Julia Tuttle Causeway sex offender colony
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The Julia Tuttle Causeway sex offender colony (also called "Bookville" by former residents) was an encampment of registered sex offenders who were living beneath the Julia Tuttle Causeway—a highway in Miami, Florida, USA—from 2006 to April 2010. The colony was created by a lobbyist named Ron Book, who wrote ordinances in several different Miami-Dade County cities to restrict convicted sex offenders from living within 2,500 feet (760 m) of schools, parks, bus stops, or homeless shelters. Since Ron Book was also head of the Miami Homeless Trust, Book ironically was also in charge of finding housing for the released sexual offenders. In the city/county of Miami-Dade, these ordinances left almost no possibilities for inexpensive housing. Furthermore, Miami-Dade laws are significantly stricter than State of Florida laws on residency restrictions for sex offenders. If sex offenders who were released from prison during this time claimed Miami-Dade as their home, and their addresses were located within this boundary, they were required to report to the camp.
The encampment housed over 100 offenders during its time, many of them living in improvised shelters, with electricity provided by generators. The law received international attention for forcing prisoners who had served their time into homelessness. In 2010 Ron Book worked to move the colony offenders into other housing, but received resistance from residents of the neighborhoods where the sex offenders were placed. By late 2011, at least one in seven of the offenders had stopped reporting to authorities.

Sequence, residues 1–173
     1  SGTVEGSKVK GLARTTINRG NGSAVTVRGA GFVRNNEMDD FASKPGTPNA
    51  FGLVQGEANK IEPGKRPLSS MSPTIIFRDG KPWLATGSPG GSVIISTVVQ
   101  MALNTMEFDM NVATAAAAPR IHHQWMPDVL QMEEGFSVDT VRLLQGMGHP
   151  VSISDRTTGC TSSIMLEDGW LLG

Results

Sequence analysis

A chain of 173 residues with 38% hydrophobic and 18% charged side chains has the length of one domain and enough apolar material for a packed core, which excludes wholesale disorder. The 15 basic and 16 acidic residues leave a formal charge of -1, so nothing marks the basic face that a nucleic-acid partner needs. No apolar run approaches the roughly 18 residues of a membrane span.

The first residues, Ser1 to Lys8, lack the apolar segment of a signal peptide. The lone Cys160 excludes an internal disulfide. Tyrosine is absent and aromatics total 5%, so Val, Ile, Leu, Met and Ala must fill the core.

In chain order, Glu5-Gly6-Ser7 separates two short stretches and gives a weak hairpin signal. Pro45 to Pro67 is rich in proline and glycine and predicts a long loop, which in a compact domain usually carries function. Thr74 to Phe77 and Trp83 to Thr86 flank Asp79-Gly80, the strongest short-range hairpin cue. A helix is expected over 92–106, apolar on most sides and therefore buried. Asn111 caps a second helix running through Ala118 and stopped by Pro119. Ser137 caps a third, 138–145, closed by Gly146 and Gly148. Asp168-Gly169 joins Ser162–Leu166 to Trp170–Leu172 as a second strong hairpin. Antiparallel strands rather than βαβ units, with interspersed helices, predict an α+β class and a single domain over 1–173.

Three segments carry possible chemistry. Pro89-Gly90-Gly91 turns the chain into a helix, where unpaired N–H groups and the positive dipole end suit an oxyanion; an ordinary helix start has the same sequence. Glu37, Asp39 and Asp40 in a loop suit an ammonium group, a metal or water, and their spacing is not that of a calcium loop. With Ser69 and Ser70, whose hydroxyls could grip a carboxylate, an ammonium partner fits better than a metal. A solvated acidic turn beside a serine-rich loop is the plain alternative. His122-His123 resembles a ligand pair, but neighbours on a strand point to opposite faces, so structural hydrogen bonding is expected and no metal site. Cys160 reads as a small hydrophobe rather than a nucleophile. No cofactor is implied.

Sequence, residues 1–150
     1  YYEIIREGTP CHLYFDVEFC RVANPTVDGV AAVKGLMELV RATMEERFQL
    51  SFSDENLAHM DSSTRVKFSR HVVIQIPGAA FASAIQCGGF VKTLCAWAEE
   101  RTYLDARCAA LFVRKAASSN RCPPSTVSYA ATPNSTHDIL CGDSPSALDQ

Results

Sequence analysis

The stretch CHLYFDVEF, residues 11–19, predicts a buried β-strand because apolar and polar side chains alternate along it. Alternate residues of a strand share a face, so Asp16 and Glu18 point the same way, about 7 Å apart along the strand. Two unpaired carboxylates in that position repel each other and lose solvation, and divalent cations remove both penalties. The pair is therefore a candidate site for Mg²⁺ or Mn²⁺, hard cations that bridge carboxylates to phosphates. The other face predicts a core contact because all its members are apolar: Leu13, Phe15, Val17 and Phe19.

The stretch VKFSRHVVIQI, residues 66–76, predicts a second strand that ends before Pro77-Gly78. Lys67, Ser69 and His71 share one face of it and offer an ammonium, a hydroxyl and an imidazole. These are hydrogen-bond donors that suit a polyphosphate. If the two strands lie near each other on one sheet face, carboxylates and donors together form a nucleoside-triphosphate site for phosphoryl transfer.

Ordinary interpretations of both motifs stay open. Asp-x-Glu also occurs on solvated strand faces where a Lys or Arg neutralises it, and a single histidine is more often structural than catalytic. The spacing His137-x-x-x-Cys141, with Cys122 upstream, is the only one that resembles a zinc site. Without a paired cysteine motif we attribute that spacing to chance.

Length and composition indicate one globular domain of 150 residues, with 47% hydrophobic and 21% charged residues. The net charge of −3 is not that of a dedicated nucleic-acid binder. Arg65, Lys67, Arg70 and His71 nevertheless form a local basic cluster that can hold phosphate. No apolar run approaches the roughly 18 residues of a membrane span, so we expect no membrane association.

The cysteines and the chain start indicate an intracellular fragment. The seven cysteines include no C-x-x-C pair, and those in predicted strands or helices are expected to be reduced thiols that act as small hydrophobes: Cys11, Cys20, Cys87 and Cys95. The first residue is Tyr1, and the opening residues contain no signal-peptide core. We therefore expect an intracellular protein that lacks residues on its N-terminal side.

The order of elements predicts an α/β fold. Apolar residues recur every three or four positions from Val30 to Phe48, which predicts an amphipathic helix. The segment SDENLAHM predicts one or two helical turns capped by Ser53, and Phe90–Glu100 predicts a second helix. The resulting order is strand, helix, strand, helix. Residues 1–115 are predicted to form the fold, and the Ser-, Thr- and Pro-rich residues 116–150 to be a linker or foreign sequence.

Before the colony was established the State of Florida provided sex offenders a list of locations where they could live that did not violate the boundaries set by the City of Miami, but the closest was in Broward County. Although the Florida Department of Corrections initially denied that they were forcing the offenders to live under the bridge, a local alternative weekly news magazine named the Miami New Times reported that internal communication in the Department of Corrections proved this to be false and that released offenders were told to live in the colony or face more jail time. Prisoners who were released were issued driver licenses by the State of Florida listing their addresses as the Julia Tuttle Causeway.
As many as 140 people lived in the colony in July 2009. They were required to be in the camp overnight from 6 pm to 7 am, when a representative from the Department of Corrections arrived to check that they were there. Most of the structures in the encampment, described by The Miami Herald as a "shantytown", were tents, improvised wood, or cardboard structures. Some had plumbing and cooking capacities, and residents of the colony shared generators for electricity to recharge cell phones and the tracking devices they were required to wear.
Conflicts over responsibility
As the number of residents grew, the City of Miami and the State of Florida disagreed over who was ultimately responsible for the sex offenders. Miami City Commissioner Marc Sarnoff, worried about how tourists perceived the colony, prompted an attorney from the Florida Department of Corrections to write a letter to the City of Miami absolving themselves of responsibility. The City of Miami responded by filing a lawsuit against the state, citing public health and safety concerns. The American Civil Liberties Union (ACLU) had also filed a lawsuit against the City of Miami for imposing the 2,500-foot rule for sex offenders when the State of Florida's law restricts them to 1,000 feet (300 m) from where children congregate. The ACLU said that the 1,000-ft rule would allow many of the offenders to return home. The camp was under further scrutiny for being within the forbidden area; a city park on an island in Biscayne Bay caused questions about the Julia Tuttle Causeway colony itself being in violation of the sex offender laws.